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Previous Challenge Entry (Level 3 – Advanced)
Topic: Grandparent(s) (04/03/08)

TITLE: Imperfect Papa
By Kristen Hester


I sat alone in the empty sanctuary and soaked in the silence. The beautiful, fragrant flowers circling the room contrasted drastically with my sorrow. A tear ran down my cheek, but I quickly wiped it away. This wasnt the time to cry. There were too many people in the fellowship hall next door that I needed to go visit. Id snuck away for a moment to think and reconcile my mixed feelings about the man, my grandfather, who wed just buried.

My husband peeked in the room. "You okay?"

"I just want a moment."

He nodded as he shifted our two-year-old daughter to his other side. I could almost hear my grandfathers words as my daughter tugged at the elastic headband bow she wore around her head. "Get that garter off that babys head," hed growl. "Youre gonna give her brain damage." I smiled at the memory.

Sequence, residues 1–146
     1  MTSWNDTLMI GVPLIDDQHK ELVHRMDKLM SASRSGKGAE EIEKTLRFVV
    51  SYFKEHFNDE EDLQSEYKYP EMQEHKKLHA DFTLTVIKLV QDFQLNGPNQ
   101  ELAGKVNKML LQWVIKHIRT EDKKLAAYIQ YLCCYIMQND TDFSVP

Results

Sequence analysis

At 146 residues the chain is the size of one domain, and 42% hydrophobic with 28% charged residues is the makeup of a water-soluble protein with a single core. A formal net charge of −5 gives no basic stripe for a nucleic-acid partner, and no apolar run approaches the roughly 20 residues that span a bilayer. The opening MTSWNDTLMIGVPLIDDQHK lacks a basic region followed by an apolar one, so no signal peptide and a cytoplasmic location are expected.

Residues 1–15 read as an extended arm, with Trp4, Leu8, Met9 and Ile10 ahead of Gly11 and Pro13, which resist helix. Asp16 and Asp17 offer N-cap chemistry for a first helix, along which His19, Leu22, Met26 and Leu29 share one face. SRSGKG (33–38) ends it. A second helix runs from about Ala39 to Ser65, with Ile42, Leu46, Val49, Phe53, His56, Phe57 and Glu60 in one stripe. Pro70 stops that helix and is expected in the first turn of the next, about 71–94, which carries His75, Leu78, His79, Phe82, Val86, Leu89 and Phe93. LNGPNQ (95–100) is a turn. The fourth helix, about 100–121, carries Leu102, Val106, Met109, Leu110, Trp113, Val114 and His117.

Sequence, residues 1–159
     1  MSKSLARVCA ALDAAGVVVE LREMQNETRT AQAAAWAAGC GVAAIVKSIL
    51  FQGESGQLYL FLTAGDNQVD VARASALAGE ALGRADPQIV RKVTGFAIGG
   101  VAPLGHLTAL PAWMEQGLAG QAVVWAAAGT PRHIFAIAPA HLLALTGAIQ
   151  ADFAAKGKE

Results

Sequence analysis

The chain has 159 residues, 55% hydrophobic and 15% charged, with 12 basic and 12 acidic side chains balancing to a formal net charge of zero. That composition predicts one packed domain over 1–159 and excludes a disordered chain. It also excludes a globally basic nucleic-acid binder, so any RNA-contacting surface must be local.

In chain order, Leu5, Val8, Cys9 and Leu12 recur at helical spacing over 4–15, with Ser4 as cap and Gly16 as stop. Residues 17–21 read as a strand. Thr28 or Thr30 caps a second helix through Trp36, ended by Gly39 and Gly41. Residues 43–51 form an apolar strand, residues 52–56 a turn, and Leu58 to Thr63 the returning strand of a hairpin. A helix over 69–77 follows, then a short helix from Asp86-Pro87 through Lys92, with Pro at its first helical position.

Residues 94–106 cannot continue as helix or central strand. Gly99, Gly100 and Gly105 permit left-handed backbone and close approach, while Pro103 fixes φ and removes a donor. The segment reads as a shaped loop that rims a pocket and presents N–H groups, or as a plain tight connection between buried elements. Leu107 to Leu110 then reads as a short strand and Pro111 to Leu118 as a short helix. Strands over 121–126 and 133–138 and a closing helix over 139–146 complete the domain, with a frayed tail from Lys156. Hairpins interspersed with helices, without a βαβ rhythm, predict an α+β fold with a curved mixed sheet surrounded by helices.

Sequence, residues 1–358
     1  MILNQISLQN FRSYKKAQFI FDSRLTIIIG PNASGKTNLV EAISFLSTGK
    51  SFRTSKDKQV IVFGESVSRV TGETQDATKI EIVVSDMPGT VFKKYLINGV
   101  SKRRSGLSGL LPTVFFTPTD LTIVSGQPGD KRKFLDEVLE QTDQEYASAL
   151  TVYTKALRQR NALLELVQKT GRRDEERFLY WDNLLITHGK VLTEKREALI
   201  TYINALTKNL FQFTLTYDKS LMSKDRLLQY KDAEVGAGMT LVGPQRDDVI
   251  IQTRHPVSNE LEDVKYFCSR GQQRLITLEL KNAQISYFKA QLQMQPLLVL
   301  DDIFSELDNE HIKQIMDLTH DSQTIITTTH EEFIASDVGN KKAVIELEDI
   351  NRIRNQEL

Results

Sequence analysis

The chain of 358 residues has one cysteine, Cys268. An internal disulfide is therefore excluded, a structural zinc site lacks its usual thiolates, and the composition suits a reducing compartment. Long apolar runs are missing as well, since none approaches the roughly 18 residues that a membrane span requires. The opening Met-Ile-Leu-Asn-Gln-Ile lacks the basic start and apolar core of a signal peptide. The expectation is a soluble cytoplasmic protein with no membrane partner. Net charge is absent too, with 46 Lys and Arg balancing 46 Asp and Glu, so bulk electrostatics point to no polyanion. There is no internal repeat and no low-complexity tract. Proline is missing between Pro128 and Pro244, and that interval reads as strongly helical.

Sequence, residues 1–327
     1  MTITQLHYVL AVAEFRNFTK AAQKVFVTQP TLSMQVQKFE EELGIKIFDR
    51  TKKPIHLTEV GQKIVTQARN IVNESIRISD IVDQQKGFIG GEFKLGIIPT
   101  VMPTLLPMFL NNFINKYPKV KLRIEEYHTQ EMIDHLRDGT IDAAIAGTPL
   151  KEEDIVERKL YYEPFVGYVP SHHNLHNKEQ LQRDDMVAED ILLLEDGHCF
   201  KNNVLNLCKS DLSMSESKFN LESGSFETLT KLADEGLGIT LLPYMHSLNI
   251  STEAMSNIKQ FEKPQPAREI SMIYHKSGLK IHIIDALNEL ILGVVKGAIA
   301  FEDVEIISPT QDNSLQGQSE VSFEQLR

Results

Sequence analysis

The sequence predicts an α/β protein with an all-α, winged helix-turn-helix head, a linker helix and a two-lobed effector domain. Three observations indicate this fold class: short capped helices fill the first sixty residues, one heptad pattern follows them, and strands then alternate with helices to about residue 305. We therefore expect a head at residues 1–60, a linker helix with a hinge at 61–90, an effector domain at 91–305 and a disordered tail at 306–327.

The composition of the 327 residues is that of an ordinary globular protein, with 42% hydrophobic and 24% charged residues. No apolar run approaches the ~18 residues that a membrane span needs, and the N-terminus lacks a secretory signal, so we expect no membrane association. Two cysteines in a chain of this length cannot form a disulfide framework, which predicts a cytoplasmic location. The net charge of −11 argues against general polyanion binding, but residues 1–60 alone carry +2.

My husband looked at me for a moment longer, then left. Alone again, I wondered why I suddenly had such an overwhelming desire to evaluate his life. Was it okay to mourn and miss this imperfect man? Memories flashed through my mind like a movie.

Like it was yesterday, I remembered the weekend my grandparents surprised my sister and me with brand new matching cars. My grandfather had only a high school education but could afford such lavish gifts because of old-fashioned hard work. The thriving steel company hed founded would ensure college educations and an inheritance for his descendants for generations to come. I admired his success and accomplishments.

I reflected on the sickening moment when I discovered an unpleasant truth about my grandfather. I was serving as a youth leader to a racially mixed group. I decided to bring the teens to our family land for a weekend retreat. The one-hundred acre property was beautiful, containing stocked ponds for fishing, dense woods for exploring and grassy meadows for playing. There was also a fully equipped, unoccupied house. The "ranch" had been my grandfathers lifelong dream. He loved taking his border collie there to fish and secretly smoke the cigarettes hed supposedly given up. A few days before the retreat I asked my dad if Papa knew we were coming.